Ever since the Internet, and particularly social media, began capitalizing much of our time, not only has everything become politicized but time has become “Twitterified.” If we let ourselves float through the fluidity of the Internet, our time will take on a different meaning. The moments we experience will be tense and superficial, always on the look for the next click, the next scroll, the next comment, and the next reply. This is a negative picture of humanity, I know, but even in this, I see a human need to relate.
Since much of our existence is lived in a virtual paradigm, even virtue takes on a form of memes and endless platitudes. Gratitude, especially, is the victim of countless clichés. For the most part, the clichéd imperatives are meant to make you feel guilty for not being “grateful” for whatever that may be. They are rarely connected to any spirituality, and if they are, they usually involve some soft, cheery, sugary happiness that tells you God is your best buddy. If you’re homeless, poor, or starving, I hardly think that the phrase “God is my best friend” would be on your mind.
What, then, is gratitude? How do we find it and experience it without slipping into a clichéd existence?
First, we must recognize that gratitude is a state of being, rather than some platitude or saying. It’s not static. It relates to the entirety of our being, and because of that, it’s highly individual. Each human being has a unique interior life, and only that particular human being knows what gratitude may mean to them, and whether they are or aren’t grateful. This is why memes and one-size-fits-all messages of gratitude don’t work. They cheapen its meaning and reduce the possibility of individual spiritual development.
Second, gratitude is relational. There’s a beautiful example of that in Isak Dinesen’s short story “Babette’s Feast.” In the story, Babette Hersant is a French refugee in 19th-century Denmark, where she works as a housekeeper for two unmarried sisters. Babette wins the lottery and instead of going back to France, she decides to make a delicious meal for the sisters and guests as a sign of appreciation and gratitude for having taken her into their home. The sisters and the guests are surprised by the meal, which goes against their rather ascetic lives, and for the first time, they begin to feel sensual pleasure. They are surprised by this seemingly simple moment of enjoyment of food and have no choice but to become vulnerable and happy at the same time.
One of the guests, Colonel Loewenhielm, is compelled to give a speech because he is so taken by the care with which the feast was prepared. He stands up and says, “Man, my friends is frail and foolish. But in our human foolishness and short-sightedness we imagine divine grace to be finite. For this reason, we tremble. We tremble before making our choice in life, and after having made it again we tremble in fear of having chosen wrong. But the moment comes when our eyes are opened, and we see and realize that our eyes are opened, and we see and realize that grace is infinite. Grace, my friends, demands nothing from us but that we shall await it with confidence and acknowledge it in gratitude.”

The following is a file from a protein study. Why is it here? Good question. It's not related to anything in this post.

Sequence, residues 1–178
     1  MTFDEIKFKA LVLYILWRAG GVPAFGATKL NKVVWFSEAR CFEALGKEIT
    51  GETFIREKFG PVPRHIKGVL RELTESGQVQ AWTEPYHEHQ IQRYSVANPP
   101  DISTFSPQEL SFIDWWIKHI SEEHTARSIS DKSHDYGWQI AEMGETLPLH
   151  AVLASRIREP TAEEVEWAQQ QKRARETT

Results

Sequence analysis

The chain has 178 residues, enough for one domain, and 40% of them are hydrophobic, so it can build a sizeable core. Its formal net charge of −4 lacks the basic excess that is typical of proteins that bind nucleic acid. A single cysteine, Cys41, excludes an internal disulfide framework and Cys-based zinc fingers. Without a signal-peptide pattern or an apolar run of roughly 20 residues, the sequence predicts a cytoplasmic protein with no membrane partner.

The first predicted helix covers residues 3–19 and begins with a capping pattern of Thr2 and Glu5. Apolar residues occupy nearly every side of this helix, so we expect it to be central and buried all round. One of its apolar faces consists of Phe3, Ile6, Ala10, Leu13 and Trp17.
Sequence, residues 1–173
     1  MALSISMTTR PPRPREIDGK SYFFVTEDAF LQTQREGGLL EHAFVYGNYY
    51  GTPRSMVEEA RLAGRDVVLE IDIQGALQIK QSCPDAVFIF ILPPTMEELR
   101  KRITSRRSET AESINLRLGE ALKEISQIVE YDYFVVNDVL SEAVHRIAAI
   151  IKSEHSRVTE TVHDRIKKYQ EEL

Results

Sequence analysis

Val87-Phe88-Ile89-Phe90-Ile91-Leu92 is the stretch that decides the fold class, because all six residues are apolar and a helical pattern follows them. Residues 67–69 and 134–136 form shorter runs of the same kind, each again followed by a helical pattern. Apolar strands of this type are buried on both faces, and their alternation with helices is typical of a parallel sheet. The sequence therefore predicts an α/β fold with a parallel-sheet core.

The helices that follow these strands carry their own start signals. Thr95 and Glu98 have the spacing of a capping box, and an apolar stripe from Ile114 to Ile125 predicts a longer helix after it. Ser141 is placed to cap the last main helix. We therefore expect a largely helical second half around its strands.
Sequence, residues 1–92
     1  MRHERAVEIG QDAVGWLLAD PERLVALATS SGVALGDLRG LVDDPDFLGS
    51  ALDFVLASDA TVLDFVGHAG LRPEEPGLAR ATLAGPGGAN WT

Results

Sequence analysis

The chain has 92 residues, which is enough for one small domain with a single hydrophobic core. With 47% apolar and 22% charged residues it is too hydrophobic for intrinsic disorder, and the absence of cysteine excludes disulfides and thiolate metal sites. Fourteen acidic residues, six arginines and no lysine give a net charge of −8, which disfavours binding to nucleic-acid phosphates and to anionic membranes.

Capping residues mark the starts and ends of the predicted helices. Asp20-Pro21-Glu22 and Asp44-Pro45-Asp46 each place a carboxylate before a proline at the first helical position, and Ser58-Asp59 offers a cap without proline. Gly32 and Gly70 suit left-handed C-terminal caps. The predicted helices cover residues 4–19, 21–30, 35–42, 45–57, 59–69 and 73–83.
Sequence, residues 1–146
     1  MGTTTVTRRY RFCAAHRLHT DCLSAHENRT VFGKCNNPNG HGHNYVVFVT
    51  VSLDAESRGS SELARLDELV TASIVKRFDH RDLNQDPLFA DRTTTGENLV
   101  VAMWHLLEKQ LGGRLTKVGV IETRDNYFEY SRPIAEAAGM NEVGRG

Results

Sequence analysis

To be grateful, then, is to realize that time is unfolding before our eyes, and if we are asleep, we won’t recognize the face of virtue or bliss. We won’t be able to see the gift that’s placed before us. As humans, we face a big obstacle: difficulty in being in the present moment. If one can reduce gratitude to one phrase, it would be precisely that.
Being in the present moment doesn’t require tension or anxiety. Quite the opposite. It requires an open heart and mind that’s willing to be vulnerable and revel in the surprise of the moment. The specifics of those moments are not important, and as I already said, they will be unique to every individual person. But what is universal is a human need and striving to not tremble, as Isak Dinesen writes in the story.
None of us are willingly seeking “fear and trembling,” to use Kierkegaard’s words, but we certainly experience it. We’re perpetually looking for a way out of it, and the more we strive and demand to exit this wretched state of being, the more we become entrenched in it. How can anyone, in this terrible state of anxiety, feel gratitude?
I’ve felt gratitude even in the time of war and in the time of my refugee life. I’ve felt gratitude that a piece of shrapnel did not hit me but rather hit the door of my apartment; or for finding individually wrapped peanut butter and jelly in MREs wondering why do Americans eat this weird combination; or for having dodged a bullet while collecting rain water; or for seeing a medieval castle on the hill from my room in the refugee camp; or knowing that even in a refugee camp, I still have my own bed, a space of my very own.
Gratitude, then, is not about any demands but about willingness to accept a gift (which can take many forms) as we remain in the present moment. It’s about seeing another human’s face and recognizing the individual expression of that human’s interior life. It’s about allowing ourselves, like the sisters in Dinesen’s story, to savor and enjoy not only the food but life itself. Even in the moments of great despair and darkness, our souls yearn for something more and are driven to feel the elevation of the human spirit rather than the spiritual death. It’s the moment we see the flicker of light which may offer us, in the time of darkness, a possibility of being.